Volume 16 Issue 1 January 1966
Admired by Haig and Lloyd George, General Monash was one of the most capable commanders on the Western Front during the First World War, writes John Terraine.
“The son of a cotton millionaire scouring the auction rooms of Europe and building lavishly in the latest architectural style,” the Tory leader was a highly representative early nineteenth-century figure. By J. Mordaunt Crook.
W.J. Fishman writes that Rocker devoted nearly twenty years of his life to organising and inspiring the immigrant Jewish tailors in the East End of London.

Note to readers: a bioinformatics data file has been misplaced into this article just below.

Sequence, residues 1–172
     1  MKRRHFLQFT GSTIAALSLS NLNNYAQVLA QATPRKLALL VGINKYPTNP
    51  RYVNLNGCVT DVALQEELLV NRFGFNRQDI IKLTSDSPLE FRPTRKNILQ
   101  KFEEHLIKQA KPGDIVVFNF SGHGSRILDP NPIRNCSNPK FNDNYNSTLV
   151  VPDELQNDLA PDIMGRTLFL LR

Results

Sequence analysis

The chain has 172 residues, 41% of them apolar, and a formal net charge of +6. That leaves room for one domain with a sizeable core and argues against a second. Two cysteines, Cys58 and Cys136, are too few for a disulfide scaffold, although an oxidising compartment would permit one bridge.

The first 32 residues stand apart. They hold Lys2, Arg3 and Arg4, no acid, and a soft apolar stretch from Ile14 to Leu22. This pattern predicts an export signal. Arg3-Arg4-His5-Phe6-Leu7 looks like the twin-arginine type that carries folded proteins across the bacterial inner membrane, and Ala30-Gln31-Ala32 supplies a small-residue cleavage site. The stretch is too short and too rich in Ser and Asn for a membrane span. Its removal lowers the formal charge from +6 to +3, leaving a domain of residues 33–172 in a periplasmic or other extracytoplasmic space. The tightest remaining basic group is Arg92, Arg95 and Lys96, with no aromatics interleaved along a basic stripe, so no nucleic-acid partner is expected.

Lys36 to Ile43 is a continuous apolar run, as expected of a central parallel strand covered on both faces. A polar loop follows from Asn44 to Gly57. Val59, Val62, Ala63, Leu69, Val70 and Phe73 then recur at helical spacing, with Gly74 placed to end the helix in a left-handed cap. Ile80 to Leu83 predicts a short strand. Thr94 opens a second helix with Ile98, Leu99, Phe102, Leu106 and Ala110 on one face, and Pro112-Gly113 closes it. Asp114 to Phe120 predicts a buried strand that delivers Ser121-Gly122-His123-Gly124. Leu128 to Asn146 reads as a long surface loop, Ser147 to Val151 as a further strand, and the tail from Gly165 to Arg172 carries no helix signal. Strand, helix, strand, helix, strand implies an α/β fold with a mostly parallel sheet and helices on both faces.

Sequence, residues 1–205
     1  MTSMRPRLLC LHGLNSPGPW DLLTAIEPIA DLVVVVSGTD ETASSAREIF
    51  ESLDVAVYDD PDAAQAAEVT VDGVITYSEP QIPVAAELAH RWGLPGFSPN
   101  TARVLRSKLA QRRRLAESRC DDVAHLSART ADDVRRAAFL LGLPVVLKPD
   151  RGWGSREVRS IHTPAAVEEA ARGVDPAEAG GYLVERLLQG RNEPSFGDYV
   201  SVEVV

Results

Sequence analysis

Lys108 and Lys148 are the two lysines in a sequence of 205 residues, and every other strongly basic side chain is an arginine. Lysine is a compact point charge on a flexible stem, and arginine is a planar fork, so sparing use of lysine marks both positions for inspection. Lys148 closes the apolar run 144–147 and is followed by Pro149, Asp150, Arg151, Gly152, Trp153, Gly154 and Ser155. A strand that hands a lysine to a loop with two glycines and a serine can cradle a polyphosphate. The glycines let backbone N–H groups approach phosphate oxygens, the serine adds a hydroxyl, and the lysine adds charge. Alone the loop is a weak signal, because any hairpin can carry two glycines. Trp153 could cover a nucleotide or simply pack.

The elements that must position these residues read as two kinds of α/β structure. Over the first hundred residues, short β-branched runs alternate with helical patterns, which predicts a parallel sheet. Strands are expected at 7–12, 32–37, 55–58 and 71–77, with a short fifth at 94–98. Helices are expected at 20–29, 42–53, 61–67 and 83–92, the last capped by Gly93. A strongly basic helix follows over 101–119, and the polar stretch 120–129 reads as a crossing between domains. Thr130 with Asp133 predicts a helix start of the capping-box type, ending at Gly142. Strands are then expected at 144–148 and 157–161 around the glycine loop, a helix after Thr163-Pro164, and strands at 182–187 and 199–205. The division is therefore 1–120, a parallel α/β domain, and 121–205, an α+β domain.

Founded by Saint Francis Xavier, the Roman Catholic Mission in Japan was formally abolished by the Shogun in 1614.
Gregory Robinson describes how, in the days of Cromwell’s Protectorate the first English naval and military hospitals were established in London at the Savoy and at Ely House.
J.B. James relates how, during the last years of Elizabeth I’s reign, Mountjoy played a leading role as courtier, soldier and faithful lover of Essex’s sister, Penelope Rich.
Amid jungles and mountains the negro hunters of the wild pig, or “mareno,” long put up a ferocious resistance to the British Governors of the island. By Simon Harcourt Smith.